In situ detection of sensitive clays – Part I: Selected test methods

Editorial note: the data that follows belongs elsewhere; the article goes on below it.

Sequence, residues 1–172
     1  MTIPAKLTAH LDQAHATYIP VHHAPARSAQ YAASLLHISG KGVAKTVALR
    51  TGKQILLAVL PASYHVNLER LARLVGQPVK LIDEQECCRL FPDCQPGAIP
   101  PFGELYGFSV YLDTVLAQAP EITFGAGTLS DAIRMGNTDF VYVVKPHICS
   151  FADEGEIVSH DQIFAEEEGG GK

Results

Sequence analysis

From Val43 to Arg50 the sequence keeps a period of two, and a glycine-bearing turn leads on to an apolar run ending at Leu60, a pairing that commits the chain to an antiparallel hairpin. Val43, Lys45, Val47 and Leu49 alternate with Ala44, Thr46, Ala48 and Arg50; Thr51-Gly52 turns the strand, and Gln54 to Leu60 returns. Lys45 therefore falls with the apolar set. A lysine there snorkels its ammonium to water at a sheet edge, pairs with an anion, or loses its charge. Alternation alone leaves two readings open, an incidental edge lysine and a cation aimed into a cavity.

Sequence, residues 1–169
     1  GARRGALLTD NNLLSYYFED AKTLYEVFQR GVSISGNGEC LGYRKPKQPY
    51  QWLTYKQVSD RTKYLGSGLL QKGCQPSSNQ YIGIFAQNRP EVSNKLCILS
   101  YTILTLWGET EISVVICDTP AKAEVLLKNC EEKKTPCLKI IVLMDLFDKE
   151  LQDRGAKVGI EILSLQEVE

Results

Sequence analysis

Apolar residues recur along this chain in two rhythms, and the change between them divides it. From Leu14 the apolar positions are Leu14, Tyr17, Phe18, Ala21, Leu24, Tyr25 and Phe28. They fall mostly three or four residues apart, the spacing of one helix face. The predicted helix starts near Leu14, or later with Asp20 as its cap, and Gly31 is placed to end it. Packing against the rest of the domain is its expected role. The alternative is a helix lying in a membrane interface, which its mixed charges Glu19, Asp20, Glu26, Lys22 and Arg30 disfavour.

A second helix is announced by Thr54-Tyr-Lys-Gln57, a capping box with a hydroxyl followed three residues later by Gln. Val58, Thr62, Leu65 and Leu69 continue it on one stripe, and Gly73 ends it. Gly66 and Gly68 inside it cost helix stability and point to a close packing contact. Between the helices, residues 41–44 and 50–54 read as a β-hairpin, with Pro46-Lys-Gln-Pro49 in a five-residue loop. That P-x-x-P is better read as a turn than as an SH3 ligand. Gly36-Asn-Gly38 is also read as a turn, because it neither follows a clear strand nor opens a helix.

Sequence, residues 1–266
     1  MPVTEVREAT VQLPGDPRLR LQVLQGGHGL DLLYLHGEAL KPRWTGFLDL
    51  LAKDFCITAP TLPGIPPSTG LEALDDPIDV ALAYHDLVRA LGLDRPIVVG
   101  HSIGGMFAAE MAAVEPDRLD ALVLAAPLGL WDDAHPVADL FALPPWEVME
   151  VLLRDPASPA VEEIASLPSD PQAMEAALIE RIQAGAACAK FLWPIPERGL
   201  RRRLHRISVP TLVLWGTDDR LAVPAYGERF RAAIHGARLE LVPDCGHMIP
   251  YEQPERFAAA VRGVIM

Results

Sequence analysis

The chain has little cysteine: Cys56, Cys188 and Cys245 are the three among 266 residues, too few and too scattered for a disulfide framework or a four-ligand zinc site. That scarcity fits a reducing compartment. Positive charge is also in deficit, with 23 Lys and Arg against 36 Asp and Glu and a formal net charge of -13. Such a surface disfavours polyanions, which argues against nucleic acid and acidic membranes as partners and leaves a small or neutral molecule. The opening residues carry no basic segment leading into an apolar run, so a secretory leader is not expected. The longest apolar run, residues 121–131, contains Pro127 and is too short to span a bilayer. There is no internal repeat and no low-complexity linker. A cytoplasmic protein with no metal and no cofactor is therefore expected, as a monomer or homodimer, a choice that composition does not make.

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Sensitive and quick clays are typically found in Norway, Sweden and Canada, and are characterized by a remoulded undrained shear strength that is considerably lower than the undisturbed shear strength. In geotechnical engineering, the presence of sensitive clays pose a major challenge. The landslides at Rissa in 1978, and more recently at the Skjeggestad bridge in Norway, are devastating reminders of the potential threats related to such soils. For a geotechnical engineering project it is hence important to 1) determine if there is sensitive clay present and 2) clarify the extent of the quick clay deposit. This is currently done based on interpretation of soundings and to some extent by geophysical methods such as electrical resistivity measurements. However, for verification of quick clay, sampling and laboratory testing must be performed. Here, a set of methods for classification of sensitive clays from in situ measurements are presented. The aim is to provide the geotechnical engineer with practical and rational methods, from which all available information is utilized and combined efficiently. The methods presented herein include conventional soundings, CPTU with measurement of total force, vane shear testing in combination with geophysical methods such as R-CPTU, 2D resistivity profiles (ERT) and airborne electromagnetic measurements (AEM). An extensive database of Norwegian test sites forms the basis for the work. This paper describes the methods utilized in this study and how they may be combined in a strategy for detecting deposits of quick and sensitive clays. The major results from the study are presented in another paper presented to this conference.